The early innings of the battle for the Democrat nomination are quickly turning into a debate on making college “affordable.”
Sen. Bernie Sanders, an avowed socialist, says the nation should scrap tuition and fees for public universities. The frontrunner for the nomination, Hillary Clinton, has unveiled her own plan to “erase college debt.” It is a conventional mix of no-interest loans and federal grants to cover the cost of tuition.
Former Maryland Gov. Martin O’Malley (you may remember he’s also running for President) has his own plan that basically orders state college tuition lower and offers another mix of no-interest loans and grants.
All the Democrat candidates’ plans quibble over how one pays for college, rather than looking at the higher education system itself. In many ways, the Democrats’ plans for college are similar to the party’s approach on any policy issues. Their debates, whether the issue is health care or housing, are over who will pick up the tab for the policy, not whether the underlying challenge itself needs reform or change.
Democrats, speaking simply, are high-priests of the status quo. On education especially, whether elementary, secondary or college, the party’s position is always to spend more money on an existing system and, as much as possible, remove the direct costs of a program from those using the services.
The federal Department of Education was created in 1979. The federal Pell Grant program, which was among the first national programs awarded tuition grants to the broad general public also came into being then.
Since that time, the cost of college tuition has increased almost 1,200 percent. This is twice the rate of increase in health care in that time. It is also five times higher than the price of food or general inflation. It is an unsurprising consequence that the cost of higher education exploded at exactly the moment the federal government became involved in financially supporting it and partially defraying its costs.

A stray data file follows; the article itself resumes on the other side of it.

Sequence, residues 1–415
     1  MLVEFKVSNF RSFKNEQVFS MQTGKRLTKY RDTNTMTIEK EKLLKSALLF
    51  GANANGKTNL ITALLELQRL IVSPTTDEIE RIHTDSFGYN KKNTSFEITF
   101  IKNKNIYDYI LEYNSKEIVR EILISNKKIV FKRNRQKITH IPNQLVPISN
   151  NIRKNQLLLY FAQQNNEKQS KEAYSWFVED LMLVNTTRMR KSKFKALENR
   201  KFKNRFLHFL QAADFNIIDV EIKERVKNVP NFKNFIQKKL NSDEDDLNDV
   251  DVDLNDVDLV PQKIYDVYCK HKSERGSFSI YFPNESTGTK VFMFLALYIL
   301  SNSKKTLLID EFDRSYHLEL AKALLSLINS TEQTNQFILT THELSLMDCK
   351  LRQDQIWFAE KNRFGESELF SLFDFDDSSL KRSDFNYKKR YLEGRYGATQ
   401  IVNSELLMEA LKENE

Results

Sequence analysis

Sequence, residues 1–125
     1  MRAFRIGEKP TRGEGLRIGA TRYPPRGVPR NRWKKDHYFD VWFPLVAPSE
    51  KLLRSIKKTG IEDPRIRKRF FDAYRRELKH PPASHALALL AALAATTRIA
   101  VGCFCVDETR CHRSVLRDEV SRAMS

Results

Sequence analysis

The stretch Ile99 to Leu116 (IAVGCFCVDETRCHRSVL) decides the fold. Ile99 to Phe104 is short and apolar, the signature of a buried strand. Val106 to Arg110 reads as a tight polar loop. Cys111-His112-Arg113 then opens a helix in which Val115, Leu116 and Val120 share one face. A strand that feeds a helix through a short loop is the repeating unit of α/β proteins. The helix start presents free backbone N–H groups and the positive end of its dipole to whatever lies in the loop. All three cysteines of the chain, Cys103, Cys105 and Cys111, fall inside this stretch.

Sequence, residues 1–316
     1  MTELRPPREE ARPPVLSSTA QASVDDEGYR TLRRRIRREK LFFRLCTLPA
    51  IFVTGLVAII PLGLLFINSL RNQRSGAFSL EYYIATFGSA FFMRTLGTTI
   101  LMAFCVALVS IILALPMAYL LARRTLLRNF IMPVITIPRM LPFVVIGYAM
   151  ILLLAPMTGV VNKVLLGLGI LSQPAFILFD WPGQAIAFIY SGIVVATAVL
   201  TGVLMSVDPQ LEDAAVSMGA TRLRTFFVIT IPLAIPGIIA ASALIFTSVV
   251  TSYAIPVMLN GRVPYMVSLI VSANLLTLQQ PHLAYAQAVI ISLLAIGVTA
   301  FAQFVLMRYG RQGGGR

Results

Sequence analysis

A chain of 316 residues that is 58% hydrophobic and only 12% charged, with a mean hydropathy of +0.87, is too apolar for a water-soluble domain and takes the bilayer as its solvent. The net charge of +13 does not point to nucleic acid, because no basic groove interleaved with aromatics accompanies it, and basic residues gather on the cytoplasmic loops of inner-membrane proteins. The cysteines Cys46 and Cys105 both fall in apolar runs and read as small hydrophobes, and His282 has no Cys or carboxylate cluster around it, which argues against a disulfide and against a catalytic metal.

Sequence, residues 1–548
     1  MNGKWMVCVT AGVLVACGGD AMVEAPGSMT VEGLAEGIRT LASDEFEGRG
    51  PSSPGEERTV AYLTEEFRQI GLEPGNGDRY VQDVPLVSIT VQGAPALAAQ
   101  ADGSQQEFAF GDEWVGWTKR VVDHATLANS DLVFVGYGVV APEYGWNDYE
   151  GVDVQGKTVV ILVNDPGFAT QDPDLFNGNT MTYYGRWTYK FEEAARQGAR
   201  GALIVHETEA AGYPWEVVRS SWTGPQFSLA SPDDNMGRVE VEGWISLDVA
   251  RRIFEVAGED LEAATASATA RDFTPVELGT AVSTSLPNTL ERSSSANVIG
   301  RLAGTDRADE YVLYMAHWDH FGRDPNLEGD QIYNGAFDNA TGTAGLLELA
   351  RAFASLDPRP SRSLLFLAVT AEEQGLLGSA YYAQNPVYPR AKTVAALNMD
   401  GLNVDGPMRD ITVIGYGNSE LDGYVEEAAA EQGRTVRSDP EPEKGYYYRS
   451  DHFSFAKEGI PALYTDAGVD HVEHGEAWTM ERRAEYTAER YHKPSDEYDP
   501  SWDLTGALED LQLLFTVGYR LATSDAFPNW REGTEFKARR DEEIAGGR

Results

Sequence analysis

A factor in the explosion in the cost of college is the increase in school administrators, rather than professors or instructors. Since 1993, the number of school administrators has risen more than two times as fast as teachers.
A similar phenomenon is plaguing elementary education. In the last 20 years, the number of administrators in the nation’s K-12 school system has increased 2.3 times faster than the number of students. Over the last several decades, the number of administrators in the elementary and secondary education system has increased 700 percent.
Facing these basic data-points, a more serious policy proposal would first ask whether or not our education system itself was in need of reform. Asking whether an existing system, especially one delivered in large part by government employees, is in need of reform is kryptonite to a Democrat politician. Their preferred policy approach is to craft some new program to make other people pay for the failed policies.
Make no mistake, education policy, at every level in this country, is a failed policy. Despite trillions in new spending devoted to the system over the last several decades, our outcomes have become worse.
The most interesting new policy development in higher education recently was from former Texas Gov. Rick Perry. Four years ago, he challenged the state’s university system to develop an undergraduate degree that would cost just $10k. Note, he didn’t simply order that tuition for the degree be set at $10k, or pursue a policy that would cap the student’s cost at $10k. After all, he isn’t a Democrat. He simply asked the university system to craft a degree program that could be fulfilled at the reduced cost.
Perry’s plan was laughed at. A leading Democrat in Texas called the plan “preposterous.” Today, though, Perry’s plan is becoming a reality. At least 11 universities in Texas offer such a degree. Universities in Florida, Georgia, Oklahoma and Oregon, among others, are pursuing similar programs.
Perry’s plan contains two very radical notions. First, that given the enormous innovations in telecommunications, colleges can develop a low-cost degree program. Second, that, with such an innovation, virtually everyone can afford to earn a bachelor’s degree without the assistance or dictates of federal politicians.
Unfortunately for Democrats, that is an idea so radical its time may have come.